He will be a disruptive force on the edge for Horton and his pass rush-happy defense for many years ahead.
Quentin Groves has yet to fit into a defense in the NFL. The Jacksonville Jaguars drafted him in the second round of the 2008 draft and he did virtually nothing in their system. He then was traded to the Oakland Raiders two years ago and did even less.
He could fit much better into Arizona’s defense, as he says he’s a pure pass-rusher. That’s just what the Cardinals want and need.
The future is bright for young Patrick Peterson. He tied a single-season NFL record with his four punt returns for touchdown. Words cannot describe how impressive that is from a rookie—let alone anyone.
On defense, though, Peterson needs to prove he can be the shutdown corner Arizona drafted him to be. The returns are cool and they no doubt won games last year, but his skill set as a cornerback needs to take priority.
And not just in covering receivers. He showed as a rookie how physical he is, and that must continue. The need to be physical is a big part of Horton’s defense, and Peterson echoed that in an interview with AZCardinals.com recently.
“Covering is the main job but you want the physicality, get guys out of their game and let them know they will get it every play,” Peterson said.
Rookie Jamell Fleming has a chance to start early for the Cardinals.
Another of the battles to watch in camp is that of the other starting corner spot. We know Peterson will be the No. 1, but who will win out for the No. 2?
William Gay would appear to have an edge over rookie Jamell Fleming simply because he knows the system and Fleming, well, doesn’t. But it may not be that simple.
Fleming has impressed onlookers so far, and if he can grasp the defense quickly, he may just beat out the six-year veteran. Keep an eye on both Gay and Fleming during camp and into the preseason; it could come down to the wire to decide who starts Week 1.
With Kerry Rhodes healthy and ready to return to form, free safety should be a position of strength once again this season. Rhodes is underrated throughout the league, and that may come back to bite teams on the backside.
In 2010, Rhodes was brilliant. He generated eight total turnovers and scored two touchdowns—both on fumble recoveries.
If he can do anything close to that this season, the defense will be in good shape.
One of the best defenders in the NFL, Adrian Wilson is hoping to be healthy for a full season for the first time in years. He has played in every game the past two years, gutting out a painful torn biceps tendon last year and a torn abductor muscle in his abdomen two years ago.
Wilson needs just 104 tackles to own the Cardinals' career record, and though it would take the most disruptive season-long performance of his career, he could get close by the end of the season. Expect the record to be his sometime in 2013.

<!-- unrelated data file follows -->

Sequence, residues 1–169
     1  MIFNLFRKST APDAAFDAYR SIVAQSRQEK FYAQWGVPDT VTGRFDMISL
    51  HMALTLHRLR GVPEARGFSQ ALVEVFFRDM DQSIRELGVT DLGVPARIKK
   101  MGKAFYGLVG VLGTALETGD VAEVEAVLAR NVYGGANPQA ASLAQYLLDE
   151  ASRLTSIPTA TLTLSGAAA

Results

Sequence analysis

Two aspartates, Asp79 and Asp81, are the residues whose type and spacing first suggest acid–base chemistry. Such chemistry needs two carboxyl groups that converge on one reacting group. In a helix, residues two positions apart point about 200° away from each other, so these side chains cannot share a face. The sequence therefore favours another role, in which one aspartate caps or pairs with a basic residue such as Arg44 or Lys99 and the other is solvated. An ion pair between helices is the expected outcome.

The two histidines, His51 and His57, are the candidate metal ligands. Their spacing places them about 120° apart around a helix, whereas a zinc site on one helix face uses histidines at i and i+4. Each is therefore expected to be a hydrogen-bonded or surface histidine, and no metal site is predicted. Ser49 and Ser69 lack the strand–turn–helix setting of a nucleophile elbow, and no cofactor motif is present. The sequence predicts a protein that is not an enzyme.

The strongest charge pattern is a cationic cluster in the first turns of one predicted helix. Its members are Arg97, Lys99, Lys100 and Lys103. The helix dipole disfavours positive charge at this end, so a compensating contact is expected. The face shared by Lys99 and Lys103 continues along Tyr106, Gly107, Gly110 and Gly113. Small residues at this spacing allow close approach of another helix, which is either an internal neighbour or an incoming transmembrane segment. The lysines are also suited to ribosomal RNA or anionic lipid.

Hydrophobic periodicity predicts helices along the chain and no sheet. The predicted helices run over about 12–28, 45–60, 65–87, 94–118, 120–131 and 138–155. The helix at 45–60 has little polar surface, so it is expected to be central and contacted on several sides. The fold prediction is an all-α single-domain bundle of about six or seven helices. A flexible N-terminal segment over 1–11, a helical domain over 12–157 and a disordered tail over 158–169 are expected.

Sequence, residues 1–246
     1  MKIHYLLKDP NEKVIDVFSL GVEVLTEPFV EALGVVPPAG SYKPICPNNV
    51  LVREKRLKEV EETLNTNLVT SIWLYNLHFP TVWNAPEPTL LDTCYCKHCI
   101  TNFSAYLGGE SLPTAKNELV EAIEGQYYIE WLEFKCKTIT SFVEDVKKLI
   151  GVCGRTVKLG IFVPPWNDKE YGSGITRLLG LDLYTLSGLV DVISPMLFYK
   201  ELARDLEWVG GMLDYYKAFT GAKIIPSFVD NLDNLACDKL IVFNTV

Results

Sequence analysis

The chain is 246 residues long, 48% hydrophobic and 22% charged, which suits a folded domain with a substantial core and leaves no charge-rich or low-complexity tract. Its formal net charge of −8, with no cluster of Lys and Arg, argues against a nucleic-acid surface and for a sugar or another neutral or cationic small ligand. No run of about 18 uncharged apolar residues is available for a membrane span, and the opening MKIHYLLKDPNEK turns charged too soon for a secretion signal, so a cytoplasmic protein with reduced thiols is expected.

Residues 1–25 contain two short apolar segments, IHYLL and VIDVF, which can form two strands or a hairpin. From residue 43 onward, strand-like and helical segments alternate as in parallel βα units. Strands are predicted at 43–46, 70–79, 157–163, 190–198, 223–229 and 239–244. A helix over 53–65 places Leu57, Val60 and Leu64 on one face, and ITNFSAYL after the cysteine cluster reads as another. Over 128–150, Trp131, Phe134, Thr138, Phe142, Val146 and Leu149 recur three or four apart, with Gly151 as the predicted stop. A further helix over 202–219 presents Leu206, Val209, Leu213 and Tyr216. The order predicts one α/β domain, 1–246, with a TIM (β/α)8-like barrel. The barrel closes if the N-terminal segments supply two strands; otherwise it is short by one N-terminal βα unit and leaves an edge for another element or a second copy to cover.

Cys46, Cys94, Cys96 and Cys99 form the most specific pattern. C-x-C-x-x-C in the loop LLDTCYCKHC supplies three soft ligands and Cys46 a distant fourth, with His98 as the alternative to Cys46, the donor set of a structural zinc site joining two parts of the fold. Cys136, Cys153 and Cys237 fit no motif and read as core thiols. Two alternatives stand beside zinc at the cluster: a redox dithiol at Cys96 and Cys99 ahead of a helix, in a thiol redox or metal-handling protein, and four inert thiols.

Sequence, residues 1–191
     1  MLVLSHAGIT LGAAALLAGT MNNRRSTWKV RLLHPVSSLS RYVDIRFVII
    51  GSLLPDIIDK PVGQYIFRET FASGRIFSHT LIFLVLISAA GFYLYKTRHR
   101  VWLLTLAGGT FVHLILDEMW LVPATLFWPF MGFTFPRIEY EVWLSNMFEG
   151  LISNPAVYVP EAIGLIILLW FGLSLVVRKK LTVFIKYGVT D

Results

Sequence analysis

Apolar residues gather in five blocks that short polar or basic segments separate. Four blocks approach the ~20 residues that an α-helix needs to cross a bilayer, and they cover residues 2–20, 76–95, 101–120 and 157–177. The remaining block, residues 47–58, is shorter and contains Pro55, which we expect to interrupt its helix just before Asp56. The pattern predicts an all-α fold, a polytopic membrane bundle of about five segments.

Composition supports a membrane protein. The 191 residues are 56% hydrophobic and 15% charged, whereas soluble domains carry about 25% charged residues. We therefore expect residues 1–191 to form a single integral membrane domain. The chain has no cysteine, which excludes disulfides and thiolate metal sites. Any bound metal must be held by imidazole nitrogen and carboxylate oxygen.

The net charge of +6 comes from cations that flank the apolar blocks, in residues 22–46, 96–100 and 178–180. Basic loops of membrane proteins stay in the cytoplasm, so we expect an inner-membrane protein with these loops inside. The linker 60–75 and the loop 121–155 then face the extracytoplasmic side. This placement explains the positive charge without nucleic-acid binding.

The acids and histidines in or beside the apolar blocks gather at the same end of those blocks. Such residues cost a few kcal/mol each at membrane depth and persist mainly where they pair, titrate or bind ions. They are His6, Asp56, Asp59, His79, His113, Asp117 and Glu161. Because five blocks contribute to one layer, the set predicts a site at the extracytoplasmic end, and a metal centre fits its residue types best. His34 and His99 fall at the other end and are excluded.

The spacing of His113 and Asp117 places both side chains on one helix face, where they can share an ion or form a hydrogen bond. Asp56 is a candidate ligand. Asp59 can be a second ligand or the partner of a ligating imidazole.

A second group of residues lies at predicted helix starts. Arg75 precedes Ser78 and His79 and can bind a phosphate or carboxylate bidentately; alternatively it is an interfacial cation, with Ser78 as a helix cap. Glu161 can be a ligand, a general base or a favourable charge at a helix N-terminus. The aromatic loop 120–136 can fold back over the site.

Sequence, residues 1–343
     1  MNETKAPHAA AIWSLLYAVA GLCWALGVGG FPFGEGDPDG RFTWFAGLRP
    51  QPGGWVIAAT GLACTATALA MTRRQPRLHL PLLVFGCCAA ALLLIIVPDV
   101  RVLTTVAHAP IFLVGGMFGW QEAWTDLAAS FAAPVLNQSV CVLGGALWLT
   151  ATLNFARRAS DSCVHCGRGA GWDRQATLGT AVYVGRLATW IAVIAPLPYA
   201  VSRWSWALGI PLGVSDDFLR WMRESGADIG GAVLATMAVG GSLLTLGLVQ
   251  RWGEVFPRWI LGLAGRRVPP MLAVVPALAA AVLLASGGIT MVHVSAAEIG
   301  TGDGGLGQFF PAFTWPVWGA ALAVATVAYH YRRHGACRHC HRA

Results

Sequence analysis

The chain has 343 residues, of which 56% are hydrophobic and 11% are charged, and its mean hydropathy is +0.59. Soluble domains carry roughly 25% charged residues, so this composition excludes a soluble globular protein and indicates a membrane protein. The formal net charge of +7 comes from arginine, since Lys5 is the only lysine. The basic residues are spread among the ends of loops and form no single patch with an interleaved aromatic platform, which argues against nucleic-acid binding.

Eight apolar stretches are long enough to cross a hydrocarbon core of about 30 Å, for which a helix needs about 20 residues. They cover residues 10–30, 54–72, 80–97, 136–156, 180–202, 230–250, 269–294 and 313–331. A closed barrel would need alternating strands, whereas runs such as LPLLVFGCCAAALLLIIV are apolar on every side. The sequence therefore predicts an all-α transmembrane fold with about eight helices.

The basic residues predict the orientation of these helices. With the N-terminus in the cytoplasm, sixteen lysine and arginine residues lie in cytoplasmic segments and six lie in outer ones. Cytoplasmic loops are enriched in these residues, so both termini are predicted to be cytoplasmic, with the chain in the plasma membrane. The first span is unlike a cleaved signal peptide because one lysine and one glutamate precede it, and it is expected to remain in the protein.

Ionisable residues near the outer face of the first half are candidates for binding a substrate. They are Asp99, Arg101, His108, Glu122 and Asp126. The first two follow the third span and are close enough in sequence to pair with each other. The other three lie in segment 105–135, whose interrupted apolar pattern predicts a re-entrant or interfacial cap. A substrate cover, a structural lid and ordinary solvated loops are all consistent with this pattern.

Jay Feely had an up-and-down 2011 season, perhaps because he had to adjust to new holder—and punter—Dave Zastudil.
He finished strong, however, converting his final 11 tries, including three game-winners—two in overtime.
Feely signed a two-year contract to remain with the Cardinals this offseason, so he will be around for presumably the remainder of his career. Arizona really needs to think about the future of the position, however.
Zastudil is not a good punter. He has a noodle for a leg and is not adept at pinning the opposition deep in its own zone. Something needs to be done about this by the end of the season.
There are usually a few good kickers available after final cuts have been made and before the regular season gets underway.
This job may not be as safe as you think. LaRod Stephens-Howling had a poor year returning kicks last season, and while that may be due to kickoffs being moved forward five yards, he has to use better judgment when fielding a kick inside his own end zone.
Too many times in 2011, Stephens-Howling would field a kick eight or nine yards deep and come out as if he had an open lane. More often than not he was stopped short of the 20-yard line.
A.J. Jefferson provided a highlight or two returning kicks in 2011, including a long of 51 yards. If LSH can’t adjust to the deeper kicks, he may see less time on special teams.
That “not applicable” is the biggest understatement of the century. No one else will suffice in the return game. Patrick Peterson is the best punt returner in the NFL, and he truly should own the record to which I alluded earlier.
He inexplicably allowed St. Louis Rams punter Jon Ryan to take him down with an arm tackle in the final game of his rookie season—a tackle that will live in infamy.
Peterson’s “give me five yards” mentality rang true on more than one occasion in 2011, and there is no reason to believe it will be any different in the future—even if teams intentionally kick away from the 6’1”, 219-pound corner.
Peterson had this to say to AZCardinals.com about being avoided in the kicking game: “I have to make them pay. If they have 10 kicks and they want all 10 away from me, they will miss one of them. And that will be my opportunity.”
Get ‘em, hoss.